Solar roof tiles and shingles, also known as Building Integrated Photovoltaic (BIPV) panels, could become the standard for solar roofing in years to come, displacing traditional solar modules on rooftops, for two reasons: they produce about the same amount of power and, unlike those modules, they are installed flush with roofing shingles or tiles. For a roofer, that equates to a more straightforward installation.
Currently, BIPV tiles and shingles are installed by solar consultants and qualified electricians to ensure the shingles are wired correctly to invertors. But experts say there is no reason why roofers can't install BIPVs with the supervision of electricians. MARK CUGLIETTA, director of projects at Conergy and a solar photovoltaic design consultant, suggests roofers start familiarizing themselves with the innovative tiles and shingles.
Conergy has been involved in the installation of solar tiles on three homes in Edmonton. Made by GE Energy, the 1.5-foot by 5-foot PV tiles (called Geko) were installed in tandem with concrete roof tiles, says Cuglietta. "We have, surprisingly, seen some growth in this industry in Alberta." He says it "is a bit shocking" considering there are no government grants or incentive programs for solar roof installations and power is "relatively cheap."
The tiles, which fit neatly into the profile of the concrete tiles, cost little more than conventional solar modules that protrude above the roofline, says Cuglietta. An average-sized solar tile roof producing about 2,500 watts of power will cost a homeowner about $23,000. Geko tiles come with a 25-year power warranty, but he believes they should last up to 40 years.
Solar roofs are not economical in Canada, partly because electricity is cheap, making it unprofitable to sell power produced by solar back to the utility company. In Germany and Japan, however, where electricity is expensive and government grants are available, solar roofs are not uncommon.
States such as California are also solar-friendly. California-based Open Energy Corp., a PV tile manufacturer, recently supplied its tiles for a NetZero home in Red Deer, Alberta. Composed of a glass laminate with a silicon cell secured to a polycarbonate frame, each PV tile is simply screwed down in four places to the roof battens. The bulk of the roof is made up of concrete tiles. To allow for expansion and contraction resulting from changes in temperature, some concrete tiles are left floating (unnailed), says TIM SCHULHAUSER, photovoltaic technician at Sedmek Inc. and solar consultant of the job.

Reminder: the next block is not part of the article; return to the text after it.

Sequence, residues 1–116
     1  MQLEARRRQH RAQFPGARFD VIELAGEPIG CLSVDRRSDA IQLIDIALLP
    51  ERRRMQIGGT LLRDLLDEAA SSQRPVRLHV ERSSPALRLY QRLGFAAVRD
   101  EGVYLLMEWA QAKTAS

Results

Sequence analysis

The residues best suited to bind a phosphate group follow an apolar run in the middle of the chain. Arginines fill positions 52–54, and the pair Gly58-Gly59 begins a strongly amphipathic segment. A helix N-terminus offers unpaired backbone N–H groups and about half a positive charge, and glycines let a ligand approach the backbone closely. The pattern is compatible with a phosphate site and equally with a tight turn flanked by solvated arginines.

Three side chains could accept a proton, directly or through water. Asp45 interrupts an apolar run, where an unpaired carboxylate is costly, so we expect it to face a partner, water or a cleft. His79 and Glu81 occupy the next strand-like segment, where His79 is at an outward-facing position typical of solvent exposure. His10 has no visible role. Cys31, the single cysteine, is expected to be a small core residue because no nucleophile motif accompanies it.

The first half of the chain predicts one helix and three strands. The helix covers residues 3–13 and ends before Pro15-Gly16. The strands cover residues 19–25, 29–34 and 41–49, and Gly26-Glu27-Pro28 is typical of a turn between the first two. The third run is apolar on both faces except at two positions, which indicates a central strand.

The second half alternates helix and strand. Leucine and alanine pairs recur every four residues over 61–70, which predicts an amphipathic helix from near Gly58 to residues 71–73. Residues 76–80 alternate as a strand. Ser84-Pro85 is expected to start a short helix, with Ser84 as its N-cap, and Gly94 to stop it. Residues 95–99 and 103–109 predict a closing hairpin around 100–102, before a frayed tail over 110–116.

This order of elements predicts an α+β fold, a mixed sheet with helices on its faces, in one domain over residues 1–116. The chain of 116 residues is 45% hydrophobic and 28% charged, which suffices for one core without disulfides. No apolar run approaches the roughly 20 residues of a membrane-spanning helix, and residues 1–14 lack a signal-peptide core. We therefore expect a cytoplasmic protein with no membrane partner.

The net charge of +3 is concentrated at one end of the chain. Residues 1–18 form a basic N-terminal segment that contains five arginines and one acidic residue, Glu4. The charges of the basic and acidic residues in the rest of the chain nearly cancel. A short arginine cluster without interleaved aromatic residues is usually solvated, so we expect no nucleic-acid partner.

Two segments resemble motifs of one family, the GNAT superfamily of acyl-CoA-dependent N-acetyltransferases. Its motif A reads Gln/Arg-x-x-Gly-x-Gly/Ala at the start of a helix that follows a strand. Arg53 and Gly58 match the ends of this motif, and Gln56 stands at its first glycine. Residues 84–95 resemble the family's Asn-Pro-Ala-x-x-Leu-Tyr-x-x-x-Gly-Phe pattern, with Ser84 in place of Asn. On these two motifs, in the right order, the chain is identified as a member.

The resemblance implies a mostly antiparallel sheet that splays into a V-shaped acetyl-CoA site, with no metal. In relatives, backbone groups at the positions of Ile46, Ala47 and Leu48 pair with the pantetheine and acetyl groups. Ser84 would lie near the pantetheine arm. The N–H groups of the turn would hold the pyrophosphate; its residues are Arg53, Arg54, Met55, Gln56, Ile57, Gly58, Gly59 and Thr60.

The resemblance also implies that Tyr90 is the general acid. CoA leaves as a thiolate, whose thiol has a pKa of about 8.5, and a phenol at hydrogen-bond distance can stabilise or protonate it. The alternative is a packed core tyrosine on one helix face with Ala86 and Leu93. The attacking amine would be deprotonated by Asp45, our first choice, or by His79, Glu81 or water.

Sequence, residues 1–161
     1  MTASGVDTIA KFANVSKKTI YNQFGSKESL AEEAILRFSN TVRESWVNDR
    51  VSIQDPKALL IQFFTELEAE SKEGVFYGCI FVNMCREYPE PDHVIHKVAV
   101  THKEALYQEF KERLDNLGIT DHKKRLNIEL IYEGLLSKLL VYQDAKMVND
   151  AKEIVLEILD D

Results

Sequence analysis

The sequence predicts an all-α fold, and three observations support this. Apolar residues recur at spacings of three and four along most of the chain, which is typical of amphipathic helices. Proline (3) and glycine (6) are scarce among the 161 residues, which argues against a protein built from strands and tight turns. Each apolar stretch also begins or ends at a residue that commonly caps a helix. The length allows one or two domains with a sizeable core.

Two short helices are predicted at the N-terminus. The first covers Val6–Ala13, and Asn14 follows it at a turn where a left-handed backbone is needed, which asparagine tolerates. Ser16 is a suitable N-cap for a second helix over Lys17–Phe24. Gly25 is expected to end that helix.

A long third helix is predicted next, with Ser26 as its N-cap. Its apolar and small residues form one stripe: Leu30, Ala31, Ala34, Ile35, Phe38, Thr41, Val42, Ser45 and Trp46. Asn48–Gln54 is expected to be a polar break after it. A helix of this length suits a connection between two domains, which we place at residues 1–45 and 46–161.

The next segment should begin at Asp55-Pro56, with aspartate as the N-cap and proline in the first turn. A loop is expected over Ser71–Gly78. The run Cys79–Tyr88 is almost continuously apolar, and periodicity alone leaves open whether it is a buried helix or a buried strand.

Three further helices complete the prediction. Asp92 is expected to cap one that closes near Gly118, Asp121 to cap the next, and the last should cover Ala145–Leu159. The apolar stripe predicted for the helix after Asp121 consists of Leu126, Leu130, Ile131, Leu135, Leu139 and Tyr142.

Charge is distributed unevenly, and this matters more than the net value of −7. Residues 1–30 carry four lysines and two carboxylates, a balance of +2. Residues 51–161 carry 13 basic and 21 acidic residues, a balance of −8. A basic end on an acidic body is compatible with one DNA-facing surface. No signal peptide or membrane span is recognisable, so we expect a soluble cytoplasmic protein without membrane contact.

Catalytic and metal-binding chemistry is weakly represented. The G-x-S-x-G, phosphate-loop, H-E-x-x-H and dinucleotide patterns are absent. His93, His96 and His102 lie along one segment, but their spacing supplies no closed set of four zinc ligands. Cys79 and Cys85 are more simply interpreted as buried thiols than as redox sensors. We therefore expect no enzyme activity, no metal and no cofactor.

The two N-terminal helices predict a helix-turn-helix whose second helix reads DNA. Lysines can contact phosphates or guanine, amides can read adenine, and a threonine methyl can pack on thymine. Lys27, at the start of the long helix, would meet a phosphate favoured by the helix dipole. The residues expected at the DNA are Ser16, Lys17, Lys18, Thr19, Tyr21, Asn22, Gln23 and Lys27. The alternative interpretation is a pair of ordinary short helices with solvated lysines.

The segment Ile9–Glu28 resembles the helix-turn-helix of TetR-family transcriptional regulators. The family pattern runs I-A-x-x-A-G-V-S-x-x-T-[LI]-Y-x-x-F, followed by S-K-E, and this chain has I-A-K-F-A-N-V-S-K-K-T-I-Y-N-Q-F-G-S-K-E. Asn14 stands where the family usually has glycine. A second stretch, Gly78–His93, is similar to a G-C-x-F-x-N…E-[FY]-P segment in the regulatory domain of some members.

The grid of solar tiles is wired, normally in series, to an invertor where direct electrical current produced is converted to alternating current. The invertor matches the phase, voltage and frequency of the grid and the power is then directed into the home's electrical panel, he explains. Typically, a block of solar tiles or shingles is installed on the south facing pitch and covers less than 50 per cent of the total roof area.
Called the Avalon Discovery Three, the Red Deer home is being built by Avalon Master Builder as a NetZero home through Canada Mortgage and Housing Corporation's EQuilibrium sustainable housing program. The photovoltaic tiles used on the Avalon are three-feet by one-foot and come with pre-wired leads. Each tile generates 34 watts of electricity on sunny days. That's enough to power two compact fluorescent light bulbs, says Schulhauser.
DAVE KELLY, also of Sedmek, says roofers should be aware that a BIPV roof will take two to three times longer to put up than conventional roofing.
While photovoltaic modules have been around for 50 years, solar tiles and shingles are new to the market. Solar tiles cost slightly more than traditional solar modules, but they can produce up to half a home's annual power requirements.
Some observers believe that the market for PV panels, shingles and tiles will remain, at best, a niche market for at least another five years or until product prices drop and subsidies on the cost of electricity are lifted.
Given these conditions, could solar roofs take off in Canada? Schulhauser thinks so, provided that the federal and provincial governments offer grants and incentive programs for homeowners and builders. "It is happening in other countries. I think it will eventually happen here."
But solar tile and shingle manufacturers have a big hurdle yet: convincing the market their products are as good as conventional solar modules. ANDREW PRIDE, vice president of the Minto Green Team of Minto Development Inc., says the developer chose the conventional product over BIPVs for its NetZero home in Ottawa because photovoltaic shingles and tiles haven't stood the test of time. One of his concerns is how well the tiles or shingles will shed snow buildup. Conventional solar panels melt snow through heat they generate. "It's possible that they will work wonderfully well, but we wanted to go with something that was known to be reliable."